Beede: I really liked what I did last spring in terms of being myself, going out and competing without adding extra pressure. The way I'm treating the AFL is like Spring Training -- I have things to work on and develop and I'm going out and attacking the strike zone with things I need to accomplish. I'm feeling good about the changes and improvements I'm making and just want to take this momentum and confidence into Spring Training. It was a trying season in San Francisco last year, but there's a lot of returning guys and young guys looking to contribute, so I'm looking forward to getting there and being surrounded by the guys again. What was the biggest thing you took away from Spring Training last year?
Beede: There's just a wealth of knowledge surrounding you, whether it be Madison Bumgarner, Jeff Samardzija, Matt Moore. But the biggest thing was Matt Cain's mentality. What he was going through -- the adversity, the doubts surrounding whether he'd be the fifth starter. I just respect the way he went about letting his peers learn from him instead of shutting down and not letting the guys trying to learn and gain an edge. He was so willing to give advice and give us a peek at his routine. He's one of the most successful pitchers the Giants have ever had, and just being able to be a sponge off him was huge. It's just an example of how to treat young players and an example he set. Which teammates have you connected with most over the past few seasons?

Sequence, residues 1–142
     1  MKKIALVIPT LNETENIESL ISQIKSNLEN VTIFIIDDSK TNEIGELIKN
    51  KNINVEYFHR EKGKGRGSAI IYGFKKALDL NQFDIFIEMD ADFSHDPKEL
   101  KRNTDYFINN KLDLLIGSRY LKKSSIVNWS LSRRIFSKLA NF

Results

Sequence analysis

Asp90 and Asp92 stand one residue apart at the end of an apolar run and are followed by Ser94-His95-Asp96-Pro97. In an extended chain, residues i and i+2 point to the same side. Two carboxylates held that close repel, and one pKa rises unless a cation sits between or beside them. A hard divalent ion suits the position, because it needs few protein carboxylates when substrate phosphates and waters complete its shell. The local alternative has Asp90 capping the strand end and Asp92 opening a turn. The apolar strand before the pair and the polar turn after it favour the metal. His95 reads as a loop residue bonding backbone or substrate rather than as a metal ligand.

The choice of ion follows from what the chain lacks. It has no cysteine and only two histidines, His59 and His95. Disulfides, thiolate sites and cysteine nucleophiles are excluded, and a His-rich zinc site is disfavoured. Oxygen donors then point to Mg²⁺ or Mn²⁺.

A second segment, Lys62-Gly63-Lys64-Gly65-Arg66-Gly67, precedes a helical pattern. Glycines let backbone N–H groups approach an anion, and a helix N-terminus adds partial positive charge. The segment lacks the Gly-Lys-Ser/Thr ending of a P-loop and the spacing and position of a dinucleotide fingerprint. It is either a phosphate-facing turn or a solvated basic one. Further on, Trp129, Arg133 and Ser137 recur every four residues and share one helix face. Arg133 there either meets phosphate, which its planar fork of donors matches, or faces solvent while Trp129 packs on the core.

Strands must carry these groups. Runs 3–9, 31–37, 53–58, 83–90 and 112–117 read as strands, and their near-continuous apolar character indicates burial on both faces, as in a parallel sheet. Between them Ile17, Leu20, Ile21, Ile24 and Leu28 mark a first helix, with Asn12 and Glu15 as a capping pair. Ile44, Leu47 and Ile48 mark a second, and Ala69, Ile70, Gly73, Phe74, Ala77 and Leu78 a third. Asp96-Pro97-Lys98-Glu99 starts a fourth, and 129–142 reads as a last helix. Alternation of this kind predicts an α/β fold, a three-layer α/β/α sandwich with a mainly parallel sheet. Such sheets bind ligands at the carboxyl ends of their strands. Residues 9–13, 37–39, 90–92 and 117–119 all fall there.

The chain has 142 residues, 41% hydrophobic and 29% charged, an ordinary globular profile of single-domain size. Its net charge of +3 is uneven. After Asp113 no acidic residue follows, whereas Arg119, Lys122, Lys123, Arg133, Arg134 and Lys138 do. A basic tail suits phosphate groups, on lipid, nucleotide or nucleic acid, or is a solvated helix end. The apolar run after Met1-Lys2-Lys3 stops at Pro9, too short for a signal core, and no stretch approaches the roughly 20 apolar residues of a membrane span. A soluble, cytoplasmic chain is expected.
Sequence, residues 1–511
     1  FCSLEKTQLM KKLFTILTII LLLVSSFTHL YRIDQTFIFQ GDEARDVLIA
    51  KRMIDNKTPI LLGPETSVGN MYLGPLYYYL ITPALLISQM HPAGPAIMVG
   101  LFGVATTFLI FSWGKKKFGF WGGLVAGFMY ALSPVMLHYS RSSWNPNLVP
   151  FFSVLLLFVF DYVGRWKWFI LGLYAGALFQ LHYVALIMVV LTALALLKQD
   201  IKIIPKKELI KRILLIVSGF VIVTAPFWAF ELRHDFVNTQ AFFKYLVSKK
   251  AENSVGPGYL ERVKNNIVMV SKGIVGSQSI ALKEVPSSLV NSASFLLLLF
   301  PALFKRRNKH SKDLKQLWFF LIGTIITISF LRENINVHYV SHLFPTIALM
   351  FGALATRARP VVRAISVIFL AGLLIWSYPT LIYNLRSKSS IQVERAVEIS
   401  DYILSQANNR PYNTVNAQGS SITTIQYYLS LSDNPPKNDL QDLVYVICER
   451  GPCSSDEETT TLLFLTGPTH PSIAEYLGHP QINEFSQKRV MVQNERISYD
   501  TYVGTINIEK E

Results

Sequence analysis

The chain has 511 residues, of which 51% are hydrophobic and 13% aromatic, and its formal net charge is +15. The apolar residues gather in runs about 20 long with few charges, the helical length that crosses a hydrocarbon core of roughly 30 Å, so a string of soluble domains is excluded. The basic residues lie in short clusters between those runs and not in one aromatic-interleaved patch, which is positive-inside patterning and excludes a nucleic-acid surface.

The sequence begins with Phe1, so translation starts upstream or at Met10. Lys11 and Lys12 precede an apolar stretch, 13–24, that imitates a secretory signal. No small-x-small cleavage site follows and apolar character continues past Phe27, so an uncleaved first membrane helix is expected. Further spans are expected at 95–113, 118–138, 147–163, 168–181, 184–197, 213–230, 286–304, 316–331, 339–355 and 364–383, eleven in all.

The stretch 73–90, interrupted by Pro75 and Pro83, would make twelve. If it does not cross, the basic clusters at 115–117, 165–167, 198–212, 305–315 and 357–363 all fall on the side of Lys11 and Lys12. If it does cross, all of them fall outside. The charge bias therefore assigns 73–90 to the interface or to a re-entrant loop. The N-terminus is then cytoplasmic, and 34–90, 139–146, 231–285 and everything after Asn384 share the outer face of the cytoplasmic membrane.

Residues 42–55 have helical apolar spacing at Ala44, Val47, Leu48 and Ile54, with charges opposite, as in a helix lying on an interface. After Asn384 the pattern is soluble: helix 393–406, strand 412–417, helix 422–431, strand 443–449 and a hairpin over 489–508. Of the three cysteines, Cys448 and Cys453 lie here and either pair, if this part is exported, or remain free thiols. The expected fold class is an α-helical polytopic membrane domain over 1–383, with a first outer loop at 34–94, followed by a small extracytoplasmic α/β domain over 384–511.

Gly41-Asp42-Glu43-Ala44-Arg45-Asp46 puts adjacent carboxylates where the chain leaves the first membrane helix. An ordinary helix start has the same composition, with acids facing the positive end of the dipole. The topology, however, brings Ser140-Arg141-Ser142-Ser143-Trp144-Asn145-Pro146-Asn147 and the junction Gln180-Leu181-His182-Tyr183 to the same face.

Beede: There's been a ton, whether it be the guys I've come up with like Ryder Jones or new guys like Steven Duggar and Chris Shaw. There are a lot of great guys and personalities in this organization, which is a testament to the front office and the values they have in place. It's a very welcoming organization and environment, and you see it when you come to Spring Training for the first time. The big league guys welcome you in. They don't treat younger guys any differently. Brandon Crawford has been one of my best friends, and I'm not even on the team. You returned to Double-A in 2016 after a tough stint at the end of 2015 and mastered the level. How would you compare that adjustment to what you're trying to accomplish next year?